The Emergency Department is an extremely difficult place to work. I love it, but the pressures are tremendous, simultaneous demands usually cannot be fulfilled, and it often feels futile. In the tradition of Taylorism and scientific management, every move is time-stamped, scrutinized, and tracked in order to maximize efficiency. Long stretches of overly-busy tedium are unpredictably punctuated by sheer terror. There are rarely enough resources to do what’s being asked, and often there’s not enough time to eat or use the restroom during a shift. The same patients show up repeatedly with the same problems – over and over again, seemingly after ignoring medical advice and making the same bad choices. It feels like the pointy end of society’s stick. Without understanding and keeping in mind the social structures that constrain an individual patient’s choices, it is easy to become cynical and to come to resent the patients. Many staff in the ED fall prey to this pitfall. My training in sociology helps me fight that current, and to maintain the compassion that is at the core of being a healer.
[T]he skills I gained in two years of graduate-level statistics are priceless. I wouldn’t have wanted any other route to medicine.
On an intellectual level, my sociology skills in critical and statistical thinking are called upon almost every single day. From reading the latest article about a trial for tranexamic acid to stop bleeding, to understanding how to interpret and best use patient satisfaction scores, to designing research projects to understand the clinical impacts of telemedicine, the skills I gained in two years of graduate-level statistics are priceless. I wouldn’t have wanted any other route to medicine
In thinking specifically about the COVID-19 pandemic, where have you seen social and institutional factors playing the greatest role in experiences and outcomes?
Our system of distributed state governance means that it is difficult to have a large-scale, coordinated, rapid response to events such as the SARS-CoV-2 pandemic without federal intervention. When combined with our federal government’s inability or unwillingness to exert federal control of testing, tracking of epidemiology, rapid distribution of resources such as test kits and personal protective equipment, and triage of COVID-19 patients, this has resulted in a relatively poor pandemic response. Morbidity and mortality are almost certainly higher than they would have been with a more organized, rational response. Of note, while mortality is a terrible outcome, morbidity from having had COVID-19 will also be significant. COVID-19 has become yet another illness with long-term health consequences that exert a downward socioeconomic pressure on those who have the fewest resources to deal with it.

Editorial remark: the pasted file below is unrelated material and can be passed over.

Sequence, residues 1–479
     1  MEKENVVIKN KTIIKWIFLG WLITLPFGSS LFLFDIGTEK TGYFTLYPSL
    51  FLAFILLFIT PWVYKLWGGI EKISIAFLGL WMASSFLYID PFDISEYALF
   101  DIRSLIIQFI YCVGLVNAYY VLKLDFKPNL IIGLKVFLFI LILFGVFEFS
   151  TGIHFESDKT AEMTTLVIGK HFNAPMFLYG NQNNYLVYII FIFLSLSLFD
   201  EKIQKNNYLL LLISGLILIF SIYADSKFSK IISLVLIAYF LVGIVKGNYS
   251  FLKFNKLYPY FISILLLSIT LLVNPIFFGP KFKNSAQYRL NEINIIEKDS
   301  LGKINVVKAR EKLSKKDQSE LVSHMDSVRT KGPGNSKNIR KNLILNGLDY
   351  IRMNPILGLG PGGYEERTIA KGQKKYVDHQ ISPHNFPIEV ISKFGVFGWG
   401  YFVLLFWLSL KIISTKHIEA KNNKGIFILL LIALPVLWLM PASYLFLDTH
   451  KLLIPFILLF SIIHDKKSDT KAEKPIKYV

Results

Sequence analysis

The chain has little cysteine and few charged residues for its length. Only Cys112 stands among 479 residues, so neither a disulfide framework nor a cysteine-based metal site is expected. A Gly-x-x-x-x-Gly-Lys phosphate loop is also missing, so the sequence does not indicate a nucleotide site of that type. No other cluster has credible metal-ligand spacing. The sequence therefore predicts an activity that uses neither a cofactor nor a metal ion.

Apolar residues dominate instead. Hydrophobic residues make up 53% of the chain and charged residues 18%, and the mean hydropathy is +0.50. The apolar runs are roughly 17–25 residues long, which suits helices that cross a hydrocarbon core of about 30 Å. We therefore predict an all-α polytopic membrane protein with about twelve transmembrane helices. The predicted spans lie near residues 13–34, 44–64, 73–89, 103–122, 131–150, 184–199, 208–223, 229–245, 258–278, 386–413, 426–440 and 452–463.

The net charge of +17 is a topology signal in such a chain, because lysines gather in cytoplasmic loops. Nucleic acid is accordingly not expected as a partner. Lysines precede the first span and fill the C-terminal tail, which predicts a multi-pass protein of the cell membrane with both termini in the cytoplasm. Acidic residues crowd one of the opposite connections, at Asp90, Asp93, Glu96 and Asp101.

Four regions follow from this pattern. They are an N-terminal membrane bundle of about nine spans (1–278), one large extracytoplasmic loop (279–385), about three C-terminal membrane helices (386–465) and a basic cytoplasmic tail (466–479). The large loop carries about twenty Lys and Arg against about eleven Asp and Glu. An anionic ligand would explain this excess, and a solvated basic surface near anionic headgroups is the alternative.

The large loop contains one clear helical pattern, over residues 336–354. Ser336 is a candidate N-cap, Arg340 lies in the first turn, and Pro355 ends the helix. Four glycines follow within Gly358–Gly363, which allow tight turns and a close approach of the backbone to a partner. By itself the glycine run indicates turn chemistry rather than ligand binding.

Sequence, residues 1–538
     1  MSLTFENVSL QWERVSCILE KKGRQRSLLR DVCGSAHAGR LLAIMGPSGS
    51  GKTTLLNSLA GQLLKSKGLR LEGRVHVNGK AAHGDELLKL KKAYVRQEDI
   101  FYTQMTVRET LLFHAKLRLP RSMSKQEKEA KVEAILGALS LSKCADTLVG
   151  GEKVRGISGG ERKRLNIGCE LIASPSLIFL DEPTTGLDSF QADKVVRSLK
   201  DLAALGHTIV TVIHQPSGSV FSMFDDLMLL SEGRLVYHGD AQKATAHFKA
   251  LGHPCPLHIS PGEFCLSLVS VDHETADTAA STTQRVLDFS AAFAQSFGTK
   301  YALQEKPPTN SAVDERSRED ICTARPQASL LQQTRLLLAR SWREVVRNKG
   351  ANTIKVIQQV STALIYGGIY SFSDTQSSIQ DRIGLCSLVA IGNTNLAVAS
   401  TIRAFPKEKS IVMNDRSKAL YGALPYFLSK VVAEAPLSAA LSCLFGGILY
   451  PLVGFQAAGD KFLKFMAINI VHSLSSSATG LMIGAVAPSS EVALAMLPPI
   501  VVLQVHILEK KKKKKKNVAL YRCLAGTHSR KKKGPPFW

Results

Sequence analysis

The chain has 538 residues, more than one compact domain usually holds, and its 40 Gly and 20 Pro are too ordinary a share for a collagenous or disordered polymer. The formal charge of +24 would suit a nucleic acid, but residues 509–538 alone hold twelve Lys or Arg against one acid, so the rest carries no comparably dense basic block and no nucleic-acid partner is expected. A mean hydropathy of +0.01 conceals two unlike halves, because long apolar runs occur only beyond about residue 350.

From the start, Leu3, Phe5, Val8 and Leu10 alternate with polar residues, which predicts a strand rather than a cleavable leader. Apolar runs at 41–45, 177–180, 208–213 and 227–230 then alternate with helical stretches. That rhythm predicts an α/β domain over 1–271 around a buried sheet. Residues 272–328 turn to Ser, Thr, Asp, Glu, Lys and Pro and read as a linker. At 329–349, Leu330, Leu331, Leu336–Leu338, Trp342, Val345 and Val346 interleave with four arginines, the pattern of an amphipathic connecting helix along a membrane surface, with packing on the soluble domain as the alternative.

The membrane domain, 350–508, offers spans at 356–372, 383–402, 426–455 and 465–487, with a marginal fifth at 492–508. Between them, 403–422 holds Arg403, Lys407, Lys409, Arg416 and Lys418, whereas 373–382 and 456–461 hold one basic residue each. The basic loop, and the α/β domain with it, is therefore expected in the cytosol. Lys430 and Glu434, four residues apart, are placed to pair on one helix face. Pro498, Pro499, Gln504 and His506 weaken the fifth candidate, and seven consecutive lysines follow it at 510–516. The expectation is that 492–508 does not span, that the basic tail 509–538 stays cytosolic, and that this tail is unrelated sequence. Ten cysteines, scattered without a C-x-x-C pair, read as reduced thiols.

Please share any other thoughts you have about how sociology combines with your other education and training in ways you find useful or important to your work.
I have always been fascinated with scales and orders of magnitude. The intersection of emergency medicine and sociology combines three different orders of magnitude: the biochemical and microscopic, the human organism and the structure of human society. Just as the microscopic and biochemical are crucial to meaningful understanding of the human illness, disease and trauma when one is lying in front of you on a stretcher in the ED, so is the larger scale of societal structure.
What do you wish had been part of your undergraduate education and training in sociology but was not?
Undergraduate programs in sociology do their students a disservice by glossing over the robust concepts of social structure and the rigorous quantitative and qualitative research methods used at the graduate and professional levels.
What advice do you have for undergraduate sociology students and/or sociology alumni who may have an interest in health/wellness, healthcare, or medicine?
There are so many interesting opportunities at this intersection! There’s a lot of creative work waiting to be done! For example, MaineHealth has a research group that employs statisticians, sociologists, anthropologists, psychologists and others from the social sciences. Their work is used both internally at MaineHealth for leadership to use in strategic decision-making and resource allocation, and also externally for publishing work that contributes to the medical literature. Many large healthcare organizations have similar initiatives. In addition, there are innumerable organizations that do not directly deliver healthcare to patients, but that study healthcare delivery, create guidelines, sponsor innovative projects and publish policy recommendations.